We all love the sparkle and lustre of a beautiful jewel, but have you ever wondered how each piece is created from start to finish? GEMOLOGUE is bringing you the Craftsmanship Series aimed at educating and giving you an appreciation of the jewellery-making process and how a spectacular jewel comes to life. While other sectors of the industry are losing manual skills to automation, jewellery-making stands true to its ancestry. I particularly love brands that invest in age-old jewellery-making workshops, conserving traditional techniques and perfecting new ones. 

THE CRAFTSMANSHIP OF 2022 edition…  is dedicated to the fabulous craftsWOMEN that I have met on my travels around the world. In this series, I aim to debunk preconceived notions of jewellery-making as a men only craft and open the doors to some incredible female jewellery makers. From incredible designs, wax carving to metalwork and skilful gem-setting and craftsmanship, this series will follow the journey of exquisite jewels crafted by women.

Discover THE JEWELLERY CRAFTSMANSHIP OF… Joy Bonfield-Colombara and how the Precious Tear Ring came to life.



I spent a wonderful morning with rising goldsmith star and acclaimed artist, Joy BC, getting to know the mastery and inspiration behind her wearable works of art and miniature jewellery sculptures. I spotted some of Joy’s pieces in London before my spontanoues 5 months visit to Brazil and instantly knew I had to meet her. I call it jewellery-love at first sight! As you know, this is a rare occurrence.

I visited Joy BC at her studio in Central London, where she crafts her jewels. As soon as I stepped into the studio, there was such a positive energy about her that I just wanted to surround myself in her jewellery orbit. We had a delightful conversation about art, sculpture and jewellery; the whole experience was truly unique. Not only did I leave with an extraordinary ring, but a friend for life!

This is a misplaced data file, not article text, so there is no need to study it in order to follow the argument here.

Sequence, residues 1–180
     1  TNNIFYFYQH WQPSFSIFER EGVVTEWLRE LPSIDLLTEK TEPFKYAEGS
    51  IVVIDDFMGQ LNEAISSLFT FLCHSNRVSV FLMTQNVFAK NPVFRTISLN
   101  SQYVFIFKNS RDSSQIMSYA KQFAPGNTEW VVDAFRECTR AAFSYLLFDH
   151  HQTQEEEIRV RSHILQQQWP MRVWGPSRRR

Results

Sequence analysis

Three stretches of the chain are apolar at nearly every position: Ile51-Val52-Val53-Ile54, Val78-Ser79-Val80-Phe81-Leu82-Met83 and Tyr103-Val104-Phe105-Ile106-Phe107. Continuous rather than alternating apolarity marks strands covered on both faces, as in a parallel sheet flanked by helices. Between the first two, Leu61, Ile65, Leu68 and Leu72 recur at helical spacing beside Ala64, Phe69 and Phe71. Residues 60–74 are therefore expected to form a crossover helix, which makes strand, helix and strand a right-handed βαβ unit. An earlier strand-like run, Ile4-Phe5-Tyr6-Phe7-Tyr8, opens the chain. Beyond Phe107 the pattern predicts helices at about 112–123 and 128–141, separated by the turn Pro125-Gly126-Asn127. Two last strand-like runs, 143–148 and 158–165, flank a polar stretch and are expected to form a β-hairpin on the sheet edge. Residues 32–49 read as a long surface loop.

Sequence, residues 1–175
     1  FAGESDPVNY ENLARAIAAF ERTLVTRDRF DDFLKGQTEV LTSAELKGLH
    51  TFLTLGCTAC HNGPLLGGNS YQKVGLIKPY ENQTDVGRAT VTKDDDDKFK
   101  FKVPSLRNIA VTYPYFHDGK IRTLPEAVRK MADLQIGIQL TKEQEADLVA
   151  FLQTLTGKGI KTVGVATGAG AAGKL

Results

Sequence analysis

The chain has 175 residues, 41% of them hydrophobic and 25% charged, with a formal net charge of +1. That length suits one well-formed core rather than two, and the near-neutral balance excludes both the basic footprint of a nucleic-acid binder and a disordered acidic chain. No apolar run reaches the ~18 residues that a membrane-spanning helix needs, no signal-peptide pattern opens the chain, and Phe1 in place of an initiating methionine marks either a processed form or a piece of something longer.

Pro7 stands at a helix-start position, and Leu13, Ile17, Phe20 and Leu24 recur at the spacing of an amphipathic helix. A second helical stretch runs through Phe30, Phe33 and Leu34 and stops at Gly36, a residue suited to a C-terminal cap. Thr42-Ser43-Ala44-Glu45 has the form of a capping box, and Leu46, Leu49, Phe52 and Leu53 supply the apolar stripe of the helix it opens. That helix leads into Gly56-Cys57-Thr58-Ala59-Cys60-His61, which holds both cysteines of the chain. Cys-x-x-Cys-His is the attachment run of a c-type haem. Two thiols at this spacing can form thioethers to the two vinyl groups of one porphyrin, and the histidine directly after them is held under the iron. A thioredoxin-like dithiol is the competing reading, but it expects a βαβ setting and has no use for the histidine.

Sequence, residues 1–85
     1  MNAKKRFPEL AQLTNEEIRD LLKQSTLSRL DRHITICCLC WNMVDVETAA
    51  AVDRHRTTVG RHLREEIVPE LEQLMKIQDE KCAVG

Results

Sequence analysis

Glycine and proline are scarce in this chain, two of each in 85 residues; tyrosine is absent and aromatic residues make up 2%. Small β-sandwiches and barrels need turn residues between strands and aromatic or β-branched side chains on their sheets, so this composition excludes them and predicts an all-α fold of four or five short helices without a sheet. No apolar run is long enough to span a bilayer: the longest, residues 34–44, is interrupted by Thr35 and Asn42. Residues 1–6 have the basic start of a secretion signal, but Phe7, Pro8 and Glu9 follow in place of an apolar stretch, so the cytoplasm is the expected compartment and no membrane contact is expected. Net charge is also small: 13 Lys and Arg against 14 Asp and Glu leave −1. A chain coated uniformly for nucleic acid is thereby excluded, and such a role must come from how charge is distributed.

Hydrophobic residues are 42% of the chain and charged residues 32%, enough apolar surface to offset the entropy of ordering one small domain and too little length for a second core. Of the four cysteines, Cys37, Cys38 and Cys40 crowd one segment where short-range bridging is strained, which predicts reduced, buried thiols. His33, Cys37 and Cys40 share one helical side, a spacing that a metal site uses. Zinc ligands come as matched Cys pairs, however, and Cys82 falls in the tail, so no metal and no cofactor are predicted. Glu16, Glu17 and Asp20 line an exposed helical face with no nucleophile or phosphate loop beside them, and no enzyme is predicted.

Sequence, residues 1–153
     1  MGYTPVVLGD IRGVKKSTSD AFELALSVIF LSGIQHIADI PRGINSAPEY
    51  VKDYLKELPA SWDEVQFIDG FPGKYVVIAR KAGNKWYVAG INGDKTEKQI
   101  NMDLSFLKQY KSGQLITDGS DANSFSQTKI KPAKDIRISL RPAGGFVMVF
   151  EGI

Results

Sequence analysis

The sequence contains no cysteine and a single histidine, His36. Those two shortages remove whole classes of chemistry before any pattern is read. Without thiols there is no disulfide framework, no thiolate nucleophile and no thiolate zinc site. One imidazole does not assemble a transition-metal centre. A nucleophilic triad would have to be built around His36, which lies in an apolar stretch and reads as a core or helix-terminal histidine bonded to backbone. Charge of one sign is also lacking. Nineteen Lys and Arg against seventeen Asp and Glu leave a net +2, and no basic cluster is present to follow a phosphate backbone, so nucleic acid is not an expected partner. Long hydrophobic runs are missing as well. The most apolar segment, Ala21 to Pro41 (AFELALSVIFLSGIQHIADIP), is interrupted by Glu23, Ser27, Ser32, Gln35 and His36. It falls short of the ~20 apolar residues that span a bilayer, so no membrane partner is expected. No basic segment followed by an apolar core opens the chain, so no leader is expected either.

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Joy was taught by two master goldsmiths at the Glasgow School of Art, before completing her M.A. in Jewellery and Metal at the Royal College of Art in London. From there, it was off to Kyoto to study at Japan’s oldest art school. It was insightful to hear how her studies in the ancient art of urushi, under the tutelage of master craftsmen Sensei Ando and Sensei Kagaeyama, experts in Damascus steel and metal casting, shaped her perception of jewellery and craft.

“The Japanese have such an amazing appreciation, respect and understanding of high craft. In Japan, the words ‘art’ and ‘craft’ are not separate, they’re one in the same. So the way each piece is made is integral to the final work. It absolutely defines the way I make jewellery.” Joy Bonfield – Colombara